Four Queens Las Vegas Review: No Resort Fees in Downtown

3. Binion’s

Binion’s (read review) is a great option for those looking for a vintage Vegas vacation on the Fremont Street Experience. While the property is old and worn out, it has a great vibe. You’ll find affordable restaurants, bars, and gambling on site.

Binion's Las Vegas

2023 Resort Fees In Las Vegas

As of right now, the average resort fee in Las Vegas is $37. However, this number is subject to change as hotels are constantly updating their fees. Here’s a list of all the current resort fees charged in Las Vegas:

The Strip

As a general rule, if you’re staying on The Strip, you’re going to have to pay a resort fee. These daily charges range from $30-$50 per night and are are imposed by all of the major hotels, with the exception of Casino Royale.

Aria

$45 Resort Fee

Bellagio

$45 Resort Fee

Caesars Palace

$45 Resort Fee

Casino Royale

No Resort Fee

Circus Circus

$35 Resort Fee

Cosmopolitan

$45 Resort Fee

Delano

$45 Resort Fee

Encore at Wynn

$45 Resort Fee

Excalibur

$35 Resort Fee

Flamingo

$39 Resort Fee

Harrah’s

$39 Resort Fee

Horseshoe

$40 Resort Fee

Luxor

$29 Resort Fee

Mandalay Bay

$39 Resort Fee

MGM Grand

$39 Resort Fee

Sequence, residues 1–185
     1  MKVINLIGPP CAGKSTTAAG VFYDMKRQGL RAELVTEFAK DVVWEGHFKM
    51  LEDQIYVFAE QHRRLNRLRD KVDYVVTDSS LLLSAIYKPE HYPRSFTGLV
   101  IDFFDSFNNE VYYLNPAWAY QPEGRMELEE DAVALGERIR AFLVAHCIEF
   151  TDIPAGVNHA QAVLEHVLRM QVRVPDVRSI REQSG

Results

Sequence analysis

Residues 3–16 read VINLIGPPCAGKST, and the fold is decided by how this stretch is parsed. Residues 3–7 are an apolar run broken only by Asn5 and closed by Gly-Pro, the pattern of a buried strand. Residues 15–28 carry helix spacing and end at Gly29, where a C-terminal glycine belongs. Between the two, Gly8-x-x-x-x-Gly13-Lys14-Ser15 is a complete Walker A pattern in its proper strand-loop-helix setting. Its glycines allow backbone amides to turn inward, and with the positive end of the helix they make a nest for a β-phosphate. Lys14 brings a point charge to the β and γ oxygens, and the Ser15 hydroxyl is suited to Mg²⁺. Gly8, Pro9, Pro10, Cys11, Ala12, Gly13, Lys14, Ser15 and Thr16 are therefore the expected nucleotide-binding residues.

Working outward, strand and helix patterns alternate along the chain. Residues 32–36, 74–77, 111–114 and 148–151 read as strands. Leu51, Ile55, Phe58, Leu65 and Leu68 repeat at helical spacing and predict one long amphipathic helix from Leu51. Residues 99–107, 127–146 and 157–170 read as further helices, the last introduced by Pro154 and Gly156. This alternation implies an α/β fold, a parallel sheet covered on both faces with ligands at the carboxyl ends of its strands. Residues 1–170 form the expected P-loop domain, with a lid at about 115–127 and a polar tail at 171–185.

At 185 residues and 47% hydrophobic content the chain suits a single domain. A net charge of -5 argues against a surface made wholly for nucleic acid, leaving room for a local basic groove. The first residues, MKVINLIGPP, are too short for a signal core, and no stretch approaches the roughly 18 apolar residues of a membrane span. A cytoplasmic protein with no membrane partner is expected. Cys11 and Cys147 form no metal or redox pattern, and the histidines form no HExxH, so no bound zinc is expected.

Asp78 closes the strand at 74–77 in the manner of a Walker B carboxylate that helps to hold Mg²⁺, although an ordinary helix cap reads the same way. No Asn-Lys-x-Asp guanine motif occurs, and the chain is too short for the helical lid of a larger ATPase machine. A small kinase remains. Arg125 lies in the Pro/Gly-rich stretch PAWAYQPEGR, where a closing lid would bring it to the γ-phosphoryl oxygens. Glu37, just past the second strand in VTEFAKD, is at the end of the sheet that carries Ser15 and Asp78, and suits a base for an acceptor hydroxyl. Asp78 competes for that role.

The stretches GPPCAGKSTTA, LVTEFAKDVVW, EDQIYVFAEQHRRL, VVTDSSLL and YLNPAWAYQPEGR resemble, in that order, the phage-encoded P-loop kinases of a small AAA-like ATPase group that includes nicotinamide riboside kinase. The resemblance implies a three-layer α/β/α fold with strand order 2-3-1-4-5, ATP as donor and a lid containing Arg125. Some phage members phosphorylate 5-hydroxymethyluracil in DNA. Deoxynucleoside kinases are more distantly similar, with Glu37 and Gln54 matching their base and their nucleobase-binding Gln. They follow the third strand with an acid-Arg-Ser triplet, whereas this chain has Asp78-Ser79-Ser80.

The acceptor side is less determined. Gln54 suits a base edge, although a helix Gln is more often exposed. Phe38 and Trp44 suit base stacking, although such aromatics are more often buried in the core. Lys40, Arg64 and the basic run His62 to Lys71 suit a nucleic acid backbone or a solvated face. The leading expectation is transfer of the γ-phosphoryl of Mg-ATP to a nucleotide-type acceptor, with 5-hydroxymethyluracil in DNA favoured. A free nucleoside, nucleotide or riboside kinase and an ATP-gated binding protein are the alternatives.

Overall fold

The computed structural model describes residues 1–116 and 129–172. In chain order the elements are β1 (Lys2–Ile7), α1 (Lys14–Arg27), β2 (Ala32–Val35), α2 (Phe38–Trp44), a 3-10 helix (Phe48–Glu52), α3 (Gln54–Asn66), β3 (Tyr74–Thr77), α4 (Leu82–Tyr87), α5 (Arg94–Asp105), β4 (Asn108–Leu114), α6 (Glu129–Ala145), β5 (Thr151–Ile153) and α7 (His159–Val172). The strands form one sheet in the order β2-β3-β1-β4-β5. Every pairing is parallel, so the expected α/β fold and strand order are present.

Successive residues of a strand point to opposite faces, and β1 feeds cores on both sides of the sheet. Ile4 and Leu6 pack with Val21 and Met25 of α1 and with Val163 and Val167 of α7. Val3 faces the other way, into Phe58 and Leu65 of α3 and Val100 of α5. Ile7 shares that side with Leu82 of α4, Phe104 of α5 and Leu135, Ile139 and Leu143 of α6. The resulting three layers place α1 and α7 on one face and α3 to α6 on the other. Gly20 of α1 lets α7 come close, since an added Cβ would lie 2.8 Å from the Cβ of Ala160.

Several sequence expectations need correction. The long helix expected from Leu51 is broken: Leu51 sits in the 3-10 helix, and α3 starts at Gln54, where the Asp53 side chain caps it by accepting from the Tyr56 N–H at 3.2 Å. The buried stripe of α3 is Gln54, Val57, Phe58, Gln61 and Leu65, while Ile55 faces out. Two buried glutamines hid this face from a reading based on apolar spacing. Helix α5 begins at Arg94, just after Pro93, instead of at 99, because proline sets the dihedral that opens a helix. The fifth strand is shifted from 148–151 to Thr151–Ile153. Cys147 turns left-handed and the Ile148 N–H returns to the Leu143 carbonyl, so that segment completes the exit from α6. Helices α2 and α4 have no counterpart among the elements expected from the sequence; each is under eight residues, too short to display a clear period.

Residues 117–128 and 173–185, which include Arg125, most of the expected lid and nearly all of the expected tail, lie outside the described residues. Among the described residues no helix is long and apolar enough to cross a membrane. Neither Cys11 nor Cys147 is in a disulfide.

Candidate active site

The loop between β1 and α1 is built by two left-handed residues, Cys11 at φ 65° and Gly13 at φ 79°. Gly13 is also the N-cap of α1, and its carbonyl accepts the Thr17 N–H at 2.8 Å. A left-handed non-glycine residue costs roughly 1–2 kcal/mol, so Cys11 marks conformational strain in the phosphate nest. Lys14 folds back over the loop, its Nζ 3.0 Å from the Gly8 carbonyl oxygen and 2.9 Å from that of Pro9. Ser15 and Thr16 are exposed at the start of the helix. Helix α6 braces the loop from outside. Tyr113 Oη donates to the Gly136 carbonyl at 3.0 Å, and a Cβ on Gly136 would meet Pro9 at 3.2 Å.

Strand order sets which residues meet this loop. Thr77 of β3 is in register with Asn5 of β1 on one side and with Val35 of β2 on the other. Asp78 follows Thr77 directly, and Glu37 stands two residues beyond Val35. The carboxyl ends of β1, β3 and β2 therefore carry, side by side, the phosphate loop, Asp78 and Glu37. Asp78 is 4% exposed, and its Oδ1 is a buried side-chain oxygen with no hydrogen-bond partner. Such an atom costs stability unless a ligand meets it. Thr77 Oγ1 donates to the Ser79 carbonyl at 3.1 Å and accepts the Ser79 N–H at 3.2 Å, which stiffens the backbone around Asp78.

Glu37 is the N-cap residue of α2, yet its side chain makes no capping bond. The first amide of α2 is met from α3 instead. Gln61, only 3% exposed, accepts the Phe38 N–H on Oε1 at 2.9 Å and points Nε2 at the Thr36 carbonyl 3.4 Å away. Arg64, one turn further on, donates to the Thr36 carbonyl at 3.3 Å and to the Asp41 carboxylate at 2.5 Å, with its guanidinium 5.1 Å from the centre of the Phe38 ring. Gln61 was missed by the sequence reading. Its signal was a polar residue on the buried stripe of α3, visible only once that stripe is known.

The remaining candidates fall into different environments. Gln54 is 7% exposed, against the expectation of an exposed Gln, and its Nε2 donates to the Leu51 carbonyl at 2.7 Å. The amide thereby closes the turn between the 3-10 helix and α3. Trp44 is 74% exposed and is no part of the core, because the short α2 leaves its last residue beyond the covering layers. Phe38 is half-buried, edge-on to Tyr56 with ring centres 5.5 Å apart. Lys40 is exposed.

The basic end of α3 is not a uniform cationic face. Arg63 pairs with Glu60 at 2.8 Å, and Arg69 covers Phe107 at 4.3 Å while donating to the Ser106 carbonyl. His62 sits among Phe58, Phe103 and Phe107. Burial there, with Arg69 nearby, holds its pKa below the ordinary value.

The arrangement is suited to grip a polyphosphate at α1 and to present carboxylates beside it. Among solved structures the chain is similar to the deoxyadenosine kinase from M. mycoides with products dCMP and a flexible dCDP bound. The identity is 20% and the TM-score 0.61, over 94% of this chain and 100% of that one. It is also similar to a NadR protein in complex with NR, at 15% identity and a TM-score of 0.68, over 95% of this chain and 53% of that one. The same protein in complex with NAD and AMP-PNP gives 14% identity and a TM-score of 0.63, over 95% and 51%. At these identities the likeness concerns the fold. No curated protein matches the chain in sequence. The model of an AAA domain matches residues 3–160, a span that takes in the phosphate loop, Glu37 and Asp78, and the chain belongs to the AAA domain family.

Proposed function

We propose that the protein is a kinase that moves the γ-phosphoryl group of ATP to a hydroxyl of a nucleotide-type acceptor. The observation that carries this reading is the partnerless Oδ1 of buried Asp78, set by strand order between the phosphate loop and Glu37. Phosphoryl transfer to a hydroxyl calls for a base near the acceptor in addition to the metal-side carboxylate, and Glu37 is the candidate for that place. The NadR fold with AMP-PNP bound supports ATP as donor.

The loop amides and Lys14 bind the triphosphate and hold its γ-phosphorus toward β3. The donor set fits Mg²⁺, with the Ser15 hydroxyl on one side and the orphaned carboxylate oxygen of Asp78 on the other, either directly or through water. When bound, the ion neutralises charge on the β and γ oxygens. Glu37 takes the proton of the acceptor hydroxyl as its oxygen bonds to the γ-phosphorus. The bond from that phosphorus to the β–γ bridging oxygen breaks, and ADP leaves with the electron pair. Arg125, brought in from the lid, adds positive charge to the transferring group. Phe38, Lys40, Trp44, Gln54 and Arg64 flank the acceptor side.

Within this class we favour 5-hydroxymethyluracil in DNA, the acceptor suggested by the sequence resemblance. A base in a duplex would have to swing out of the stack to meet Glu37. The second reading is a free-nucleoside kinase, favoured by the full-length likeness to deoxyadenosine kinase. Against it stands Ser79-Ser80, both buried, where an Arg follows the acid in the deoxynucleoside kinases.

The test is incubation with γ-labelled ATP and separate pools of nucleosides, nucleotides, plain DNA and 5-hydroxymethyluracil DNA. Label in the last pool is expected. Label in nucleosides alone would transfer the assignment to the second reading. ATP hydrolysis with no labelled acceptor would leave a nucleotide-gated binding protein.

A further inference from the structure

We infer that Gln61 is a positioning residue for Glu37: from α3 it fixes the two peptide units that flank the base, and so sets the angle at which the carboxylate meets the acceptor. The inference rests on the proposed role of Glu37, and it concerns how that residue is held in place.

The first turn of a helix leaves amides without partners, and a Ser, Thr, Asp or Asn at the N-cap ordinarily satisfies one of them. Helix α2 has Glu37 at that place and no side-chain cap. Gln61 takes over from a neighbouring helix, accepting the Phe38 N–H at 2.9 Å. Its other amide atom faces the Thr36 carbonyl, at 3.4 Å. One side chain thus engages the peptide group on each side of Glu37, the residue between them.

Mirage

$39 Resort Fee

New York New York

$39 Resort Fee

Nobu Hotel

$45 Resort Fee

NoMad Hotel

$39 Resort Fee

Palazzo

$45 Resort Fee

Paris Las Vegas

$39 Resort Fee

Park MGM

$39 Resort Fee

Planet Hollywood

$39 Resort Fee

Resorts World

$45 Resort Fee

Sahara

$45 Resort Fee

The Cromwell

$39 Resort Fee

The LINQ

$39 Resort Fee

The STRAT

$36 Resort Fee

Treasure Island

$39 Resort Fee

Tropicana

$39 Resort Fee

Vdara

$45 Resort Fee

Venetian

$45 Resort Fee

Waldorf Astoria

$45 Resort Fee

Wynn Las Vegas

$45 Resort Fee

Downtown

When visiting Las Vegas, you may be tempted to stay on The Strip where all the action is. However, resort fees are significantly cheaper in Downtown Las Vegas, ranging from $15-$35 per night. There are two hotels that do not charge a resort fee: Binion’s and Four Queens.

Binion’s

No Resort Fee

California Hotel

$28 Resort Fee

Circa

$30 Resort Fee

Downtown Grand

$34 Resort Fee

El Cortez

$20 Resort Fee

Four Queens

No Resort Fee